Her computational models identify patients who are most at risk of a deadly infection.
A sizable percentage of hospital patients end up with an infection they didn’t have when they arrived.
Among the most lethal of these is Clostridium difficile. The bacterium, which spreads easily in hospitals and other health-care facilities, was the source of almost half a million infections among patients in the United States in a single year, according to a 2015 report by the Centers for Disease Control and Prevention. Fifteen thousand deaths were directly attributable to the bug.
Jenna Wiens, an assistant professor of computer science and engineering at the University of Michigan, thinks hospitals could learn to prevent many infections and deaths by taking advantage of the vast amounts of data they already collect about their patients.
“I think to really get all of the value we can out of the data we are collecting, it’s necessary to be taking a machine-learning and a data-mining approach,”
Wiens has developed computational models that use algorithms to search through the data contained in a hospital’s electronic health records system, including patients’ medication prescriptions, their lab results, and the records of procedures that they’ve undergone. The models then tease out the specific risk factors for C. difficile at that hospital.
“A traditional approach would start with a small number of variables that we believe are risk factors and make a model based on those risk factors. Our approach essentially throws everything in that’s available,” Wiens says. It can readily be adapted to different types of data.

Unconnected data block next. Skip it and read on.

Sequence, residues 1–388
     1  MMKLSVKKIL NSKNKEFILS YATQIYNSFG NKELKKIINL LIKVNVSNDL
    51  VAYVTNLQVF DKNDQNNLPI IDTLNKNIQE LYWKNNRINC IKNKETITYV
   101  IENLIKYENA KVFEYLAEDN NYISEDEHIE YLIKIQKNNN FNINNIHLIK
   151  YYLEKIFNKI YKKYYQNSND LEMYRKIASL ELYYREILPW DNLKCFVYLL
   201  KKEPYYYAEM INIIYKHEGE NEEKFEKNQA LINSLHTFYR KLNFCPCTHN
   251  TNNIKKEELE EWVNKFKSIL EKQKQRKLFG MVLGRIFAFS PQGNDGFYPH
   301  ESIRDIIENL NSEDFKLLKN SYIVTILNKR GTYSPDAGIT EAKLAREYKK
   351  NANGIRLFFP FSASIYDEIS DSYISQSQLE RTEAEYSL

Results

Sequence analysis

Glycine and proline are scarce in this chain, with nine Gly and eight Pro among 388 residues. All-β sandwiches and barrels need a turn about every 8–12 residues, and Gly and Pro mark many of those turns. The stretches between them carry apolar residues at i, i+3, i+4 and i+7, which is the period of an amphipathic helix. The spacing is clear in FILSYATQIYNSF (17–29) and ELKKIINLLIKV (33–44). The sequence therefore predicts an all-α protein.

Aside from using this information to treat patients earlier or prevent infections altogether, Wiens says, her model could be used to help researchers carry out clinical trials for new treatments, like novel antibiotics. Such studies have been difficult to do in the past for hospital-acquired infections like C. difficile—the infections come on fast so there’s little time to enroll a patient in a trial. But by using Wiens’s model, researchers could identify patients most vulnerable to infections and study the proposed intervention based on that risk.
At a time when health-care costs are rising exponentially, it’s hard to imagine hospitals wanting to spend more money on new machine-learning approaches. But Wiens is hopeful that hospitals will see the value in hiring data scientists to do what she’s doing.
“I think there is a bigger cost to not using the data,” she says. “Patients are dying when they seek medical care and they acquire one of these infections. If we can prevent those, the savings are priceless.”